Monsieur de Sainte Colombe le fils (ca.1660-1720?) Marin Marais (1656-1728) Pièces de Viole avec les Tombeaux de Mons. de Sainte Colombe le père et de Mons. de Lully Jordi Savall Alia Vox AV9829 (2003) [flac, cue, log, scans] Includes two discs: Monsieur de Sainte Colombe le Fils Pièces de viole (Six Suites) Jordi Savall, bass viol Alia Vox AV 9827 (2003) Marin Marais Pièces de viole du Second Livre, 1701 (Two Suites) Jordi Savall, bass viol Rolf Lislevand & Xavier Diaz-Latorre, theorbos, guitars Philippe Pierlot, bass viol, Pierre Hantaï, harpsichord Alia Vox AV9828 (2003) More on the topic: French Viol School (ripped by Saoshya)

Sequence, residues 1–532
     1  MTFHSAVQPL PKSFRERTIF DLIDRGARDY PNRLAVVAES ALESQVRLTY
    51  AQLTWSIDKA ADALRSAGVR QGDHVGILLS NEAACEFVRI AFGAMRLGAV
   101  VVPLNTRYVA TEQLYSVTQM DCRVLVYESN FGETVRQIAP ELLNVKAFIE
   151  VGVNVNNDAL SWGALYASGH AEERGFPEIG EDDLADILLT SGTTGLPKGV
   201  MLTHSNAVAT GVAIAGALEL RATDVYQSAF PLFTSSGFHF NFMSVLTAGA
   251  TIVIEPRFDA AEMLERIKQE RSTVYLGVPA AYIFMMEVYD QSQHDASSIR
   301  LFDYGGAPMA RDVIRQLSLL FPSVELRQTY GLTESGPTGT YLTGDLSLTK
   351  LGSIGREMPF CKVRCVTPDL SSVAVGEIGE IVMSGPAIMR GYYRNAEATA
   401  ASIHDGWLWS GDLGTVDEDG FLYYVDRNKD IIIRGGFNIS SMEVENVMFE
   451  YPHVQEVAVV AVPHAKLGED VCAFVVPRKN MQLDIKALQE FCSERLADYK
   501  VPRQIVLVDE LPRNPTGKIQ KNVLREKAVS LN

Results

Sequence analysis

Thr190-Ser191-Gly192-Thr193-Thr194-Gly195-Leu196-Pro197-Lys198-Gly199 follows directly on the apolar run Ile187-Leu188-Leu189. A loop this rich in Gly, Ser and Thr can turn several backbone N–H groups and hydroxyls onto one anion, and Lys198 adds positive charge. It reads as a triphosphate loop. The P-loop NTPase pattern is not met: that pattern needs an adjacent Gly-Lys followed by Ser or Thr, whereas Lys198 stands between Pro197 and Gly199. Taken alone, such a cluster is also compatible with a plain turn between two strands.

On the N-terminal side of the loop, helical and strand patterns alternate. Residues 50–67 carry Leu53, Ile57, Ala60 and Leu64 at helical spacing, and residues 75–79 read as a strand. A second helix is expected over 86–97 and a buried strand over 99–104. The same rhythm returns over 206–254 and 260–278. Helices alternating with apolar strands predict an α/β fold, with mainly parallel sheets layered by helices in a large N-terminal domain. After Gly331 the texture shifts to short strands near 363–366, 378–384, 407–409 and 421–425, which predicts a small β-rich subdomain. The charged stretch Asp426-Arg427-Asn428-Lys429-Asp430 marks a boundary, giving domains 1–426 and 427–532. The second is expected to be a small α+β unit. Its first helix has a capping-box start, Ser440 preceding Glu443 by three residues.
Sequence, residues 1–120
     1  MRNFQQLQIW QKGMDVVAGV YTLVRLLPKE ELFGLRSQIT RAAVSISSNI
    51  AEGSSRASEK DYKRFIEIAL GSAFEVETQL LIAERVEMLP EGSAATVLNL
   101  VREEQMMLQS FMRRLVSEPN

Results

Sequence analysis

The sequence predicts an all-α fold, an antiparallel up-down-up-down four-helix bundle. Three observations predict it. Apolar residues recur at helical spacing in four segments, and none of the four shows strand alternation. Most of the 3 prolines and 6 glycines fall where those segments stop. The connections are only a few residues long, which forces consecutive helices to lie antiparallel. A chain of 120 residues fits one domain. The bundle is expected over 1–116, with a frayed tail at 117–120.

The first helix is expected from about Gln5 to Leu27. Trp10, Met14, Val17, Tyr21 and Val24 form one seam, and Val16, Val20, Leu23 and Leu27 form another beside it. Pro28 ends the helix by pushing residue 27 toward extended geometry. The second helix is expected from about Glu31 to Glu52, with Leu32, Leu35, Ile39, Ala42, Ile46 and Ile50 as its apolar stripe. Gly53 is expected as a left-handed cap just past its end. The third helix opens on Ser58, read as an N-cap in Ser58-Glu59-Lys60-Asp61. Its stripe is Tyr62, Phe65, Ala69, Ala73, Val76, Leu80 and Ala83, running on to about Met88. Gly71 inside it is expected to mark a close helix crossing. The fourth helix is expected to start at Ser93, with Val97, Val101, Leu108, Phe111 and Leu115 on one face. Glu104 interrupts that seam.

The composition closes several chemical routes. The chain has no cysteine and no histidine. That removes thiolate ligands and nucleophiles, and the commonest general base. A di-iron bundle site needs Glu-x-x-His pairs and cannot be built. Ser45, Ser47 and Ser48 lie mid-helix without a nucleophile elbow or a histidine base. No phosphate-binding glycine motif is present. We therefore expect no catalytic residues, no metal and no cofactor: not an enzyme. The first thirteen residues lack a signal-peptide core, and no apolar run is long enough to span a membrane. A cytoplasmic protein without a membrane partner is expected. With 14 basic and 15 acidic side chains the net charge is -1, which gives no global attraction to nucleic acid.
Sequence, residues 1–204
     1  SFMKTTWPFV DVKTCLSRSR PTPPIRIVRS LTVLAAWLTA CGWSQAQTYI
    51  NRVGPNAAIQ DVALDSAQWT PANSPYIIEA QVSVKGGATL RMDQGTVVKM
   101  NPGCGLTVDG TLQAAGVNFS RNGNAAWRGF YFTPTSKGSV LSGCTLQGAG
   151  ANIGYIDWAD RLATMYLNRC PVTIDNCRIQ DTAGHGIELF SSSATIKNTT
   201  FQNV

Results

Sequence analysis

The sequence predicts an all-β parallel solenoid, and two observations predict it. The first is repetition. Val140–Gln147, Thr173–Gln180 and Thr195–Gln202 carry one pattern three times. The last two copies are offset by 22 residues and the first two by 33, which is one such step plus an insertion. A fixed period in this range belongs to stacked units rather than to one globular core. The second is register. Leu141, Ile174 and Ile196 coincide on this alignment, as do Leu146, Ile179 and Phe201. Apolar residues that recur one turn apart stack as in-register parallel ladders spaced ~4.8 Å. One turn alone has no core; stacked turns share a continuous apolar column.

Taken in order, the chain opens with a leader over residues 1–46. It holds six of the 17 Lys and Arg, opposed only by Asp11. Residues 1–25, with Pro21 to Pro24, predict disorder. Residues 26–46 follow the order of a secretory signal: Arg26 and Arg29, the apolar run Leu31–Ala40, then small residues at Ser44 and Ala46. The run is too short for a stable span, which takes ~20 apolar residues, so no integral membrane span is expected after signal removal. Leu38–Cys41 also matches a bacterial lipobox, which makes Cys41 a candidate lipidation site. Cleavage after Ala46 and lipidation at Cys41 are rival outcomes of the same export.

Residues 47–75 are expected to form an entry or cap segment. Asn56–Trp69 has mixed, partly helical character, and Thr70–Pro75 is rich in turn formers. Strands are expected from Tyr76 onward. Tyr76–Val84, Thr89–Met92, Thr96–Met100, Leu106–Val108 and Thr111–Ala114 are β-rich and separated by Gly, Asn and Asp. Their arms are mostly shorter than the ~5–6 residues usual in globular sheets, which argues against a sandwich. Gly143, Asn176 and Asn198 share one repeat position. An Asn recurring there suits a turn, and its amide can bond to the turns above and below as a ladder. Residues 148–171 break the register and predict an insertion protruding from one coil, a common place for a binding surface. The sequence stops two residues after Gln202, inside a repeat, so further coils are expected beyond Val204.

Carlos V. Mille Regretz: La Canción del Emperador Music by Josquin des Prés, Cristóbal de Morales and others La Capella Reial de Catalunya Hespèrion XXI Jordi Savall Alia Vox AV 9814 (2000) [flac, cue, log, scans/photos] You can choose between (a) single flac image, my usual rip, and (b) multiple tracks.